07 Sep 2012:
LED Bulbs Widening Gap
In Energy Efficiency, Report Says
While today’s light-emitting diode (LED) bulbs are slightly better for the environment than compact fluorescent lamps, the energy efficiency gap will widen over the next five years
as the technology and manufacturing methods of LEDs improve, according to a new report. In an analysis of the impacts of the light technologies in 15 categories — including the energy and resources required to manufacture, operate, and dispose of the bulbs — researchers at the U.S. Department of Energy’s Pacific Northwest National Laboratory found that CFLs caused slightly more environmental harm than existing LED technologies in all but one of the areas studied. The one exception, they said, was hazardous waste generation because existing LEDs utilize a component, called a heat sink, which requires mining, refining, and processing of the aluminum. Improved efficiencies in emerging LED technologies, however, will reduce the amount of heat produced and, in turn, the size of heat sink required. As a result, they say, LED bulbs are expected by 2017 to have 50 percent less environmental impact than today’s bulbs and 70 percent less than existing CFLs. According to the lab’s analysis, consumers using either existing LED or CFL bulbs will reduce their environmental impact by three to 10 times compared with less-efficient incandescent light bulbs.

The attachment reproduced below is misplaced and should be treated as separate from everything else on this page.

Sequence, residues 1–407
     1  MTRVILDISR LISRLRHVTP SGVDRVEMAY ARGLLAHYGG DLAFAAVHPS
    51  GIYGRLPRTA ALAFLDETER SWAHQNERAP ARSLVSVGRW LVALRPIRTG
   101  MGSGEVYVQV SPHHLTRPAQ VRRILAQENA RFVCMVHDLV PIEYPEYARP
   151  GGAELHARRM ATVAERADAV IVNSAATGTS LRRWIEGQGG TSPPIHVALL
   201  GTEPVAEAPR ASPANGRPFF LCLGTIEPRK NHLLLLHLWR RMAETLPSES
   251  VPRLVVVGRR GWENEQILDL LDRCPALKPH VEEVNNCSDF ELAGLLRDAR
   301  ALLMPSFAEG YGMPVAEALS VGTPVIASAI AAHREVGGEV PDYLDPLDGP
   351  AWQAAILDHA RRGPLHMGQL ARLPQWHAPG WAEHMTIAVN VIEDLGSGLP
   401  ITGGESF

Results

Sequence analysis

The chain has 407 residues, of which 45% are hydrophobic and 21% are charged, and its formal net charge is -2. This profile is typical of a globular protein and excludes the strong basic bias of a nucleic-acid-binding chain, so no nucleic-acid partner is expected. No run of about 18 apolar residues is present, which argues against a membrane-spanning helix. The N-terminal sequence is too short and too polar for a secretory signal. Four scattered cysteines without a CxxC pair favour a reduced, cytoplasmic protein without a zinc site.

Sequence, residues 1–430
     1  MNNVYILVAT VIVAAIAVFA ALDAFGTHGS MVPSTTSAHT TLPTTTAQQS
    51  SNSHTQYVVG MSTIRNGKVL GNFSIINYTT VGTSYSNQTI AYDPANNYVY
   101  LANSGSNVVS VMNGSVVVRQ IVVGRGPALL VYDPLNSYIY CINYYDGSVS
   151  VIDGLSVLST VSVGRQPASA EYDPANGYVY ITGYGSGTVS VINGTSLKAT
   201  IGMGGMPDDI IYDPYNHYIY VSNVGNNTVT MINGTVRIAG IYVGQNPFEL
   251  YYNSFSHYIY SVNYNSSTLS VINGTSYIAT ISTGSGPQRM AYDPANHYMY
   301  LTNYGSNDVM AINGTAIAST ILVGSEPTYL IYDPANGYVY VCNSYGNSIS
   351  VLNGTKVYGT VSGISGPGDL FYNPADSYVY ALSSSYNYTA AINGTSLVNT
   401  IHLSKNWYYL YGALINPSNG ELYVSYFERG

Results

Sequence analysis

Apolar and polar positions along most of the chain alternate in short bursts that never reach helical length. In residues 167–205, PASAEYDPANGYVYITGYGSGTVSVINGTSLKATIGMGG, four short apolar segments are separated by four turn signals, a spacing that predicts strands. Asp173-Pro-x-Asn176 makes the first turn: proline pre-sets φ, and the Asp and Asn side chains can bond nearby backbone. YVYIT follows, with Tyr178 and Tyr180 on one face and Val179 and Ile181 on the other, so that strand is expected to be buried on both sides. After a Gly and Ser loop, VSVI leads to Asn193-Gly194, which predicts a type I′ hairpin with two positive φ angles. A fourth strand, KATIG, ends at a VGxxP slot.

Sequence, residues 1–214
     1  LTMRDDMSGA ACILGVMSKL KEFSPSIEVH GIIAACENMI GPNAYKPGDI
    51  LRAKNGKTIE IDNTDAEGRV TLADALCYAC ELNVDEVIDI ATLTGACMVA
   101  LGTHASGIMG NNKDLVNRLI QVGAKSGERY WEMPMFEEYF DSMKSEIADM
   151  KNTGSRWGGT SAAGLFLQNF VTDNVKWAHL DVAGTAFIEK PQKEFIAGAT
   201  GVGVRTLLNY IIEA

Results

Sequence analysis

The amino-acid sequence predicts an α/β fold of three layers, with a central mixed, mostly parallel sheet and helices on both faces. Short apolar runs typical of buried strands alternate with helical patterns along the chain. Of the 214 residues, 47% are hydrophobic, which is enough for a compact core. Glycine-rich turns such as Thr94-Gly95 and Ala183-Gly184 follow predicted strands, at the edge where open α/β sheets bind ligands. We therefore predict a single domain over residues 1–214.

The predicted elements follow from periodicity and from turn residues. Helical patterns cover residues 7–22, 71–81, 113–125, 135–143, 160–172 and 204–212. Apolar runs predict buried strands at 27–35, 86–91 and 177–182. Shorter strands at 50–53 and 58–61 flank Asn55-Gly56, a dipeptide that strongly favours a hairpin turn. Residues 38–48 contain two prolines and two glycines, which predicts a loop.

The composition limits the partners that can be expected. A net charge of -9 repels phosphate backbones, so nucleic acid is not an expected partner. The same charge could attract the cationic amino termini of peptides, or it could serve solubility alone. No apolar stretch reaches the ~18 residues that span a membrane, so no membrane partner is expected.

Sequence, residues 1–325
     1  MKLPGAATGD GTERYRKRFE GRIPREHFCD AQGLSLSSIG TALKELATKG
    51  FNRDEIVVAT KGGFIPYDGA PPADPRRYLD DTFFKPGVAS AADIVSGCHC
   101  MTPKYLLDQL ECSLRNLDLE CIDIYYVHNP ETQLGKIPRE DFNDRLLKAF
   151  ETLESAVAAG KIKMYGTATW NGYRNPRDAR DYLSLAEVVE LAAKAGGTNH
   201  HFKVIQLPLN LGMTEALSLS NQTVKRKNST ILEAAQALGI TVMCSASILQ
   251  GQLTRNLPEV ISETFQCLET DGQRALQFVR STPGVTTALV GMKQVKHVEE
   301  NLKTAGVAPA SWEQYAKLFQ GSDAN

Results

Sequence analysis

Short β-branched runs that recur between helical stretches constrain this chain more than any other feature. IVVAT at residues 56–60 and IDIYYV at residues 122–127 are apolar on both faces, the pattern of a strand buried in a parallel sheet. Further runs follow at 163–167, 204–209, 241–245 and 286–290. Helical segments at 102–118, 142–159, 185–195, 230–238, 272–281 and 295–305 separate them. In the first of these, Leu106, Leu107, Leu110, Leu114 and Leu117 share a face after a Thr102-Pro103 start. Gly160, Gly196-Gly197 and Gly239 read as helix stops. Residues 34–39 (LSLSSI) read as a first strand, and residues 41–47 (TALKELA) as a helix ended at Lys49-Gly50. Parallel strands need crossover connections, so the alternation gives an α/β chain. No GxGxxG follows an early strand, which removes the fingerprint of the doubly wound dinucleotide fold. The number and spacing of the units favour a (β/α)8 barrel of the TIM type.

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A look at how acidifying oceans could threaten the Dungeness crab, one of the most valuable fisheries on the U.S. West Coast. Watch the video.
is now available for mobile devices at e360.yale.edu/mobile
An aerial view of why Europe’s per capita carbon emissions are less than 50 percent of those in the U.S. View the photos.
An indigenous tribe’s deadly fight to save its ancestral land in the Amazon rainforest from logging. Learn more.
video series looks at the staggering amount of food wasted in the U.S. – a problem with major human and environmental costs. Watch the video.
Residents of the Chocó Rainforest in Ecuador are choosing to plant cacao over logging in an effort to slow deforestation.
Watch the video.
Tribal people and ranchers join together to stop a project that would haul coal across their Montana land. Watch the video.